Mark joined WHAM in January of 1998 when his weekly call in financial show "Money and More" first aired. The show ran for eleven years and became one of the stations highest rated programs. Recently Mark has returned to provide daily commentary and analysis on the WHAM afternoon news. His segment can be heard at 4:26pm Monday through Friday, with an extended appearance with Randy Gorbman on Thursdays.
Mark started his financial services career in 1986 with IDS/American Express. He is a Certified Fund Specialist and Certified Long Term Care Specialist with a Bachelor's Degree in Economics and Management from SUNY Geneseo. He has designed, authored, and presented retirement and long term care workshops for clients, corporations, and non-profit organizations such as Xerox, Kodak, Agway, and the United Way.
In 2007, Registered Rep magazine listed Mark among the Top 100 Independent Advisors in the country. He lives in Geneseo with his wife Susan and has four children. Mark is an avid fisherman and enjoys spending time at his family cottage in the Thousand Islands. Mark also collects Civil War and Underground Railroad memorabilia for a museum he keeps in the basement of the historic Henrietta office.
As professionals skilled in retirement planning, the partners of The Horizon Group have helped hundreds of people in the Rochester area since our founding in 1993. We specialize in helping clients invest and protect their retirement assets with a straightforward and down-to-earth approach through open and honest communication.
We are proud of being able to help clients make difficult decisions necessary for a successful retirement. We are dedicated to the highest level of professionalism and ethical standards in our practice, and we honor the individual circumstances facing each client.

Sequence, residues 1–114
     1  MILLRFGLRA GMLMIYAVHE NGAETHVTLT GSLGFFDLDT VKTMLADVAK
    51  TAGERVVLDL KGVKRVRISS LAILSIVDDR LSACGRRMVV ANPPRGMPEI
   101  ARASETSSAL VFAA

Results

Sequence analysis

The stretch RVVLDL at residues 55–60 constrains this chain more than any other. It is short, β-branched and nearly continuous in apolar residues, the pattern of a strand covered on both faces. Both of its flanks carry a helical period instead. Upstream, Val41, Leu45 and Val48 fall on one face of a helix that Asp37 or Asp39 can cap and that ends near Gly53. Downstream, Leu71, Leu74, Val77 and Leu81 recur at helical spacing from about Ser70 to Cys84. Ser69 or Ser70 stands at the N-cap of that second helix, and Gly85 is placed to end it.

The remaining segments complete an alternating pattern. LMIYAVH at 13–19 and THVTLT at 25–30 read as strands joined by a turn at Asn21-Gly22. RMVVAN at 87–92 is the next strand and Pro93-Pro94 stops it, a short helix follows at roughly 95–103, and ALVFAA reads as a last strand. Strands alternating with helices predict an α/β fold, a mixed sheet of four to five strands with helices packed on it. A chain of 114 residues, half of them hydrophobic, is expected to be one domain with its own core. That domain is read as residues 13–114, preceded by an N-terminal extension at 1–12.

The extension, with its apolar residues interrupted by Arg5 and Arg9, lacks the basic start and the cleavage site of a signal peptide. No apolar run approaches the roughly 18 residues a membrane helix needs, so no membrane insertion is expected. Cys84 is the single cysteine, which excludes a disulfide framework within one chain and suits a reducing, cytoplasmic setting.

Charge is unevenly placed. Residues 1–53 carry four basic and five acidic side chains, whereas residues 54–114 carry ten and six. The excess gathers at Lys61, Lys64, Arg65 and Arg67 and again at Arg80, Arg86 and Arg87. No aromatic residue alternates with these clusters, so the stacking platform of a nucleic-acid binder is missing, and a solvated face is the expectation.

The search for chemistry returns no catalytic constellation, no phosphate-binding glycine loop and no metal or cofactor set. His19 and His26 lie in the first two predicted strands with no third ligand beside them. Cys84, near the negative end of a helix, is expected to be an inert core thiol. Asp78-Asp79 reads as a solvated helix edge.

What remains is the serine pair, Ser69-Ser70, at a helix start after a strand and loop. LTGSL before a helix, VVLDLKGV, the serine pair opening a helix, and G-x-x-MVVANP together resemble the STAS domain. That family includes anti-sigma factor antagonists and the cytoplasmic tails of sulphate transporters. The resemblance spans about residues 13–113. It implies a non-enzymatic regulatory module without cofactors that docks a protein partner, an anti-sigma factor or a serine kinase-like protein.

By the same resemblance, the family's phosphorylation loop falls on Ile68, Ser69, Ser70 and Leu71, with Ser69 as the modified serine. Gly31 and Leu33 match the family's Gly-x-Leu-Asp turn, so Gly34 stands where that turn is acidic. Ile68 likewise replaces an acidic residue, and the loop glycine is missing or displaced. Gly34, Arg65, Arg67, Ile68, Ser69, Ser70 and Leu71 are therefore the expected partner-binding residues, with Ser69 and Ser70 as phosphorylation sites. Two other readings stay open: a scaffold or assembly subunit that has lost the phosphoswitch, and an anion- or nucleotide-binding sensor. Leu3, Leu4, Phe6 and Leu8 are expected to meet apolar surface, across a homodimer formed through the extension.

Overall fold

When faced with providing income and security for a lifetime, retirees are comforted by our "Bucket Approach" and half-century of combined experience. Our formalized review process and frequent communication through newsletters, e-mail, and seminars provide our clients with peace of mind and keeps them focused on what is truly important.
Working with The Horizon Group affords our clients a level of service and unbiased advice that can be delivered only by a small independent practice. At the same time, our client accounts are offered the same FINRA and SIPC protections through our broker-dealer, Cadaret, Grant & Co., Inc., as they would be at a large brokerage house.
We take the time to understand all the questions and concerns our clients have about the future. Aiding them in dealing with these concerns often means going above and beyond the duties of the average financial planner, something we are always willing to do. Helping a child, buying a second home, or dealing with long term care are all issues we assist clients with regularly. At The Horizon Group, we know it's about the quality of your life, not just your portfolio.
The views expressed in Mark's commentaries are to be considered for informational and entertainment purposes only. Before making decisions based on any content in Mark's commentaries you should always consult your financial or tax professional.
The views expressed herein do not necessarily reflect those of this station or of Clear Channel Communications, Inc.
Mark Congdon is a registered representative of Cadaret, Grant & Co., Inc., Member FINRA/SIPC.
A couple of weeks ago at the Republican National Convention, there was a whisper campaign that followers of Ron Paul were going to make a hard push for moving the United States back to the gold standard for our monetary policy. While I’m sympathetic to some of their logic, it’s simply a bad idea.
In 1971, President Nixon removed all ties between the U.S. dollar and gold. For decades before that, the rest of the world promised to fix their exchange rate relative to the U.S. dollar. In return, the U.S. promised to fix the price of gold at $35/ounce. In a way, that implied that all currencies were fixed to gold at $35/ounce.
Why did he do it? Historians argue to this day. Some say he did it because French President Charles De Gaulle forced our hand by trading their currency directly for gold. Others say the high cost of the Vietnam War and the new “Great Society” programs were forcing the U.S. shell out many more dollars than we had gold to back it. There are many more reasons possible still, but I don’t have time in this commentary to outline them all. The question is, does it make sense to go back to the gold standard now?
There are a number of positives that make the idea seem attractive. It would be an immediate guard against inflation. It would also lessen the Federal Reserve’s ability to tinker with the country’s wealth by printing money in any quantity it wants. And finally, it would level the currency playing field, so countries like China can’t just make their own rules.